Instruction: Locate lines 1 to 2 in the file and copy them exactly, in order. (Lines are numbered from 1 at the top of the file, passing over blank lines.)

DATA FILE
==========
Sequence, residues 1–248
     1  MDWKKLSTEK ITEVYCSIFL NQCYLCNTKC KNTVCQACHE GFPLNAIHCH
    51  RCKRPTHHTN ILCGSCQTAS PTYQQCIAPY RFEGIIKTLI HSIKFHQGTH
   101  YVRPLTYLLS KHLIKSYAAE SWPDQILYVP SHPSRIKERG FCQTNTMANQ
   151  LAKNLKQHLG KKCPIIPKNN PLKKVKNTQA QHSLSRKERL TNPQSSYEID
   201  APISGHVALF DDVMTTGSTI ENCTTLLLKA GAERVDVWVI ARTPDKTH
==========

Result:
Sequence, residues 1–248
     1  MDWKKLSTEK ITEVYCSIFL NQCYLCNTKC KNTVCQACHE GFPLNAIHCH